What's your name and what position do you hold?
Marie Hunt, Executive Director & Head of Research at CBRE
What are your day to day responsibilities?
No day is ever the same! My main responsibility day-to-day is helping clients of CBRE’s business to navigate various sectors of the Irish property market and providing bespoke analysis to help them interpret trends and underwrite their investment and occupational decisions. My role involves a huge amount of reading, writing and presentation, daily interaction with my research colleagues in other jurisdictions and lots of bespoke consultancy work on behalf of clients.
What is your professional background?
Most people assume that I’m an economist but I’m actually a chartered surveyor by training and a Fellow of the Society of Chartered Surveyors and started my career in property valuations. Coming from a property background is a huge advantage in my role. I also have a post-grad qualification in Public Relations & Communications.
We could see significant changes in the design and construction of buildings post-pandemic. What do you anticipate will be priorities for owners and tenants?
There is no doubt, but that Covid-19 will have a legacy for the market just as we learn valuable lessons from every downturn. I think that building design and how buildings are used was changing anyway but this trend will have been exacerbated by the pandemic we found ourselves in during 2020. I expect that occupiers of buildings have a lot of thinking to do about the functionality of their buildings going forward and I suspect that developers will be focussed on providing buildings that are as flexible as possible to allow for different configurations and incorporating a range of new touchless technologies and microbial finishes and furnishings.
Has the volatility sparked by the pandemic led to an acceleration of already existing real estate trends?
Yes. The pandemic has accelerated many trends that were occurring anyway, such as the move towards online retailing and omnichannel, the intensification of building use, the move to more flexible office fit-outs, the move towards the blended workforce with increased incidence of people working remotely as well as increased focus from an investment perspective on new sectors such as healthcare, life sciences and data centres.
Will certain traditional property strategies require a rethink? Which, if any, real estate sectors run the risk of becoming obsolete?
I don’t think any sectors are at risk of becoming obsolete, but the pandemic has emphasised the need for some sectors to evolve and adapt at a far faster rate than might have been the case otherwise. For example, many retailers have been putting off the decision to move to an omnichannel operation or to repurpose their physical stores but were forced to do so in 2020. This transformation might never have happened were it not for Covid.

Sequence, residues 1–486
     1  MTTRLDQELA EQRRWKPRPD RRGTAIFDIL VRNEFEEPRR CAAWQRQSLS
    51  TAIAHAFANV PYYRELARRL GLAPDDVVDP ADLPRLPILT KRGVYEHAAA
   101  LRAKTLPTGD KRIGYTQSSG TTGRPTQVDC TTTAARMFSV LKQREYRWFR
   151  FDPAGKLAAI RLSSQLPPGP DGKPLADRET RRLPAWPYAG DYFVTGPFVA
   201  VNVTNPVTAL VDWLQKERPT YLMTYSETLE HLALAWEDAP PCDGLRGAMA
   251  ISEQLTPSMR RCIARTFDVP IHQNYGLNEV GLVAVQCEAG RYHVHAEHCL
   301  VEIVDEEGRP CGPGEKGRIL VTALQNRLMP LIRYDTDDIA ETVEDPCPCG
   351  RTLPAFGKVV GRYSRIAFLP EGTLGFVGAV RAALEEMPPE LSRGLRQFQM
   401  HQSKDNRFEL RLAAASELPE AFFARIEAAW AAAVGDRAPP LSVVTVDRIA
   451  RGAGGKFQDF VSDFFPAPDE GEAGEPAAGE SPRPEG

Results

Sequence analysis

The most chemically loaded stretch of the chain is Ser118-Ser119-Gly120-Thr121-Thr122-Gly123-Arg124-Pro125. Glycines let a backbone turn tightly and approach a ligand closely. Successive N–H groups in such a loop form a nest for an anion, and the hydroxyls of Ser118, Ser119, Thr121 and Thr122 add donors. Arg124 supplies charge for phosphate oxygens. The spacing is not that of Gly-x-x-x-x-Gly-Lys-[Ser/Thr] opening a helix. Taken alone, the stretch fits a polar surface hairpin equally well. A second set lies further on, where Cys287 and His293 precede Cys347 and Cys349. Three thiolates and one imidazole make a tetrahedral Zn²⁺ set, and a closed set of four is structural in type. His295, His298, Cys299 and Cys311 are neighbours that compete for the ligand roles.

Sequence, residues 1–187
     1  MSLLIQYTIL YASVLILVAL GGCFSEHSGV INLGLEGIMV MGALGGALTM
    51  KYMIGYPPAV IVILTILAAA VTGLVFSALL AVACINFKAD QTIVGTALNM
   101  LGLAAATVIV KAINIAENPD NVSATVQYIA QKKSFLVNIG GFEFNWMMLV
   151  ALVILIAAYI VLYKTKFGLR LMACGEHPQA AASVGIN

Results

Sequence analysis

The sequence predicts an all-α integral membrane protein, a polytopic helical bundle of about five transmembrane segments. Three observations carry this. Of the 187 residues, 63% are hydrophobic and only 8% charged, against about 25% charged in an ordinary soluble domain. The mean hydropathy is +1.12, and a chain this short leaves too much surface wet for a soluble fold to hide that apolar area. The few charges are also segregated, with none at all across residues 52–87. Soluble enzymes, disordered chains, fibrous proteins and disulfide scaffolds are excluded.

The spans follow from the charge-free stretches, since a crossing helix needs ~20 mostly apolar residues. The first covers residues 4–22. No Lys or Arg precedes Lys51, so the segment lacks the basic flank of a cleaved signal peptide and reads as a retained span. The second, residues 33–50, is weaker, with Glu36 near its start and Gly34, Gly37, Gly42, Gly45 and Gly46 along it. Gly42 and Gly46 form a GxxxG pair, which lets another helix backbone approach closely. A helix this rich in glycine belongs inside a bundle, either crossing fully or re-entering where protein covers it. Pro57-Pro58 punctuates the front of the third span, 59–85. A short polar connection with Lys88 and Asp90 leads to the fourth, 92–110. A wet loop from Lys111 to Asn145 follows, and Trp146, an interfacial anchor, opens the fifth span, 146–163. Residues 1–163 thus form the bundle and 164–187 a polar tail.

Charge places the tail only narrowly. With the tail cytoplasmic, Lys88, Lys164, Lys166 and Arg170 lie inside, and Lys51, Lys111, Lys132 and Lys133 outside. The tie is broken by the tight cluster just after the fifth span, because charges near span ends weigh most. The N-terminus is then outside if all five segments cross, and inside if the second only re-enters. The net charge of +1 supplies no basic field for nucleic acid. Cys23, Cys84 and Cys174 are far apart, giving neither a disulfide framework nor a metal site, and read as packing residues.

One thing that is going to change is that owners of real estate will become increasingly focussed on income security – it is difficult to collect rent from any tenant if their operations are closed on the direction of the Government and they are not in a position to generate income themselves. We may see more instances of pandemic-clauses in leases as a result.
Where are the opportunities / risks?
May sectors of the market have had a very difficult year and in particular the retail, leisure and hospitality sectors of the market. Investors and occupiers have been unable to travel into the country to inspect opportunities and this has impacted on transaction volumes in many sectors of the market. If the country is forced to go into further lockdowns, this is clearly a risk. However, every crisis gives rise to opportunity in some shape or form and I believe that despite the pain of 2020, Covid-19 will have focussed minds and encouraged people to pivot. There will certainly be opportunities in many sectors of the market as a result.
How do you think Covid19 will affect the market going into 2021? What lasting impact do you see on the real estate sector?
We can’t realistically hope that the market will simply switch back on again in 2021. It will take some time for the legacy of Covid to disappear and it will definitely be different for each sector of the market. From a transactional point of view, the ability to get investors and occupiers into Ireland to inspect buildings and opportunities will be key to kickstarting activity. 2021 will be all about recovering from 2020 and starting to rebuild the market and reignite activity.
Marie Hunt is speaking at The Business Post’s 2020 Property Summit on Dec 9. Visit www.propertysummit.ie for details and booking.